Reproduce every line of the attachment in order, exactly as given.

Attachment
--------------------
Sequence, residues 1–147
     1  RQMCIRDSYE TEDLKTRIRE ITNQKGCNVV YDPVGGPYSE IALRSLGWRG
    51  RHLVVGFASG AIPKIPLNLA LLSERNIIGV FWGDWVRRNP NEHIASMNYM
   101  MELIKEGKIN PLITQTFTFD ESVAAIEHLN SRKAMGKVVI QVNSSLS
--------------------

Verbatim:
Sequence, residues 1–147
     1  RQMCIRDSYE TEDLKTRIRE ITNQKGCNVV YDPVGGPYSE IALRSLGWRG
    51  RHLVVGFASG AIPKIPLNLA LLSERNIIGV FWGDWVRRNP NEHIASMNYM
   101  MELIKEGKIN PLITQTFTFD ESVAAIEHLN SRKAMGKVVI QVNSSLS